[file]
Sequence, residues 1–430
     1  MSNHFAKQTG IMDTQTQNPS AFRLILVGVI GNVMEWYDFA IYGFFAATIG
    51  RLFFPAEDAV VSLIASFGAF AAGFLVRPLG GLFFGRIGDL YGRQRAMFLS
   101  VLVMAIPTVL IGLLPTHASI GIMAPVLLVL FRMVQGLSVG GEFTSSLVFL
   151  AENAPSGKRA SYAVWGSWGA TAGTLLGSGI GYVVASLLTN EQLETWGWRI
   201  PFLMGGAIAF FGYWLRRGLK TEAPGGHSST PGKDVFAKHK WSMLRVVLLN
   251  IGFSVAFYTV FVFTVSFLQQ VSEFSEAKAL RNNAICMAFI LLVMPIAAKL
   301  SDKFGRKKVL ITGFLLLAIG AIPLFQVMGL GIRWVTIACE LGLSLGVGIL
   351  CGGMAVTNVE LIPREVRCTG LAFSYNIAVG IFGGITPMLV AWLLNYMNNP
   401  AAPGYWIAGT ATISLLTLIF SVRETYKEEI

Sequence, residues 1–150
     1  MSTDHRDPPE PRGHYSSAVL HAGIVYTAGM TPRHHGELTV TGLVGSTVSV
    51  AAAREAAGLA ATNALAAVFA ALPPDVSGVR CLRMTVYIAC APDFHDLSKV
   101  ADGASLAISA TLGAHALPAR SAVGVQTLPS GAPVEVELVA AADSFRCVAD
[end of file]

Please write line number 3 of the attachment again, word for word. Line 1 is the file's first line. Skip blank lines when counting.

    51  RLFFPAEDAV VSLIASFGAF AAGFLVRPLG GLFFGRIGDL YGRQRAMFLS